Friday, January 21, 2011

What I write.

I have to call most of what I write paranormal.  There are historical elements, romance is there but rarely heading where the typical happy ending is supposed to go, and I love to shake up tired old basics by exploring the mundane as viewed from a Mothman perspective.  (It is said that mothmen can predict disaster because they are standing on a higher level of perception)  Legends can be woven together in fact until the borders are open for a new tale.  That is what I write. 

Characters in my view should be complete people.  That sounds like common advice, but it isn't commonly followed.  When you see the beings you bring to life, the color of hair, eyes and sex are not characters.  Each character should have an FBI file.  Frame, Breath and Id.

Frame: as you see your new friend for the first time, what do you notice.  Hair, eyes, fingernails, scent, dialects or speech idioms, clothing choice, what are they eating, what would they watch on TV or read, list two flaws - such as crooked teeth, a narrow chin or stooped shoulders.  The frame is just the basics of the characters description.  This is where many characters sort of end and even if you never use all your knowledge, you should have at least 50 frames for any character that does more than walk in.

Breath :  This is where you actually begin to build.  What is the worst thing they ever did to someone?  What is the worst thing that ever happened to them? If they picked up a hitch-hiker why would they do it? biggest fear, greatest loss, what sort of event would break the mind of your character?  Who do they hate?  What did they look like when they were 5, 8, 12, now?  Which of the seven deadly sins do they own?  If they were killed this moment what would they expect to see on the other side? Where do they scratch when nobody is looking?  Did they wash their hands after?  Who do they want to meet?  Who gave them a first kiss, first black eye, first betrayal?  If they could spend one hour with a lost loved one, what would they say and who would it be?  How will they die?  If they could execute one person in the world with no consequences, who would they pick ? Name mom and dad, an uncle or some relative?  Most embarrassing moment ever?  Who would they take camping and leave in the woods?      
    You should know the answers about every main character and 100 other tidbits.
 Do not list them in the first chapter, but know them.  Some will weave in, most will simply be things that allow you to see them react clearly, never spelled out, but somehow there.  Many will never see a word of type, but they are there in real people.  People are not born 27 year old perfect or 15 year old sarcastic....every human is a sum of all belief and experience they have attained at the moment the story begins.  If you don't know where they are, your characters will go no place and cookie cutter into flat little peanut butter with "how are you today" dialogue.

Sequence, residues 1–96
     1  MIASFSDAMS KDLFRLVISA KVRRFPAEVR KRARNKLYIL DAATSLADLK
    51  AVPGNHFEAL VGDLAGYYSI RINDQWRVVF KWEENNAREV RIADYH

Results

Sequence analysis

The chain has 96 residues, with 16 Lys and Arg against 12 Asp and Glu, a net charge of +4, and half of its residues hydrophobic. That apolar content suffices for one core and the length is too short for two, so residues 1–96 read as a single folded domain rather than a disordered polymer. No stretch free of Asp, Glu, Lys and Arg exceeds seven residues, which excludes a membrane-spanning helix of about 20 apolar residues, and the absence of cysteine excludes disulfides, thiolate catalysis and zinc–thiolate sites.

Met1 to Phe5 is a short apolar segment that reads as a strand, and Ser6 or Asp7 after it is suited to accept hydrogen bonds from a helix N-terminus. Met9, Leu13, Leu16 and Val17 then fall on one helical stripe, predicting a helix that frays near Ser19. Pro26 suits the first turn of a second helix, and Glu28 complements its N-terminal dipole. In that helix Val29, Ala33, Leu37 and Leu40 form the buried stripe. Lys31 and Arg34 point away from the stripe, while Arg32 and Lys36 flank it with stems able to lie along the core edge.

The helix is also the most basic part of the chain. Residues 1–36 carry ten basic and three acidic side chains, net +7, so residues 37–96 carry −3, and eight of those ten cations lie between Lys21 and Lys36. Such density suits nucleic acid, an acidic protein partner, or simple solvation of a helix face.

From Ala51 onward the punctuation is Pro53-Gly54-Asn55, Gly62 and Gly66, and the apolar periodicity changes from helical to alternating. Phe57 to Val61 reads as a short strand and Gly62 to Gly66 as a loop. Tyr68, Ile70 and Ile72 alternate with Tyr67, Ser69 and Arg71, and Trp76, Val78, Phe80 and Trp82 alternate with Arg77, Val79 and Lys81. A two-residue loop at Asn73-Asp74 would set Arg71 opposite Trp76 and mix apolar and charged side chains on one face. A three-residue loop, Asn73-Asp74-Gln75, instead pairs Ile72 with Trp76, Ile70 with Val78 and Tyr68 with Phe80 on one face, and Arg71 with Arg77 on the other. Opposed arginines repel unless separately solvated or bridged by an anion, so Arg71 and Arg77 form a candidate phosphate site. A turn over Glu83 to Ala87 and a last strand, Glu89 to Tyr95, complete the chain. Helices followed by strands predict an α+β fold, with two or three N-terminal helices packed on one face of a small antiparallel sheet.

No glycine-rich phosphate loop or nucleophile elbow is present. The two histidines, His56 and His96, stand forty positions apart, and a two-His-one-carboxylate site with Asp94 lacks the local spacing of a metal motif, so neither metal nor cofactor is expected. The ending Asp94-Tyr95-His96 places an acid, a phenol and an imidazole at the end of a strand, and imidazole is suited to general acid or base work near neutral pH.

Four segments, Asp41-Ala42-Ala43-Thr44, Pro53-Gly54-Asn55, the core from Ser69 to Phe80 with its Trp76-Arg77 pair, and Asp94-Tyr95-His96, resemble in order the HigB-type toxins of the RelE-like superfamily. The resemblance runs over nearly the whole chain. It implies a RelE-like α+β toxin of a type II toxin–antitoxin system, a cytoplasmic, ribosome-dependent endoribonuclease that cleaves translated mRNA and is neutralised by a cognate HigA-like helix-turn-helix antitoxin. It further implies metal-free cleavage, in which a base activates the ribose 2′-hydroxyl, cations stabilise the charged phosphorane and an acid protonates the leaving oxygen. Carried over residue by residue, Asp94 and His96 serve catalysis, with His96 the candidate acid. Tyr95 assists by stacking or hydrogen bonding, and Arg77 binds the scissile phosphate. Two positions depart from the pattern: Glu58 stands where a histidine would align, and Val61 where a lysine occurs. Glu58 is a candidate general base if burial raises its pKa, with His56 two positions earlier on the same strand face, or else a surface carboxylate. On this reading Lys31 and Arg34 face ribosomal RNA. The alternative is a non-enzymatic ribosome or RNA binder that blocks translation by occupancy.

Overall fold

Id :  Now your in their head.  List favorite everything from food to music to childhood toy.   Motivators such as hope, lust, revenge, power, peace, love and disgust.  About 20 motivators and 2-5 major Motivators should give you a basic understanding of who your writing about. 

After you know them, then yo can begin messing with them and challenging them...You are now God or something darker.....only now is it time to begin actually writing,

Having a nice day is not the beginning.  I am born, has been done.  Don't dream, wake, brush your teeth or look in mirrors unless you are about to discover a flesh eating virus ate your face off in the night.

I write stuff about people I can see clearly.  That is why I don't need to plot.  Life is not plotted. There are a million reasons to plot and yes I often have a very good idea where we are headed....I know the big bang at the end and can see the hopeful feel good.  I avert dead middles by having a big bang there too...or in the case of Ignite, several that don't wrap up completely until the end.  And hide a big bang for Two in what seems all happy in book one.  That is what makes a whole crapstorm of work worth doing. 

1 comment:

  1. Thanks for the tips. I love trying to understand the characters in stories I write. Some of them I know better than myself and others are kind of a mystery. I may try and use this technique in the future. :)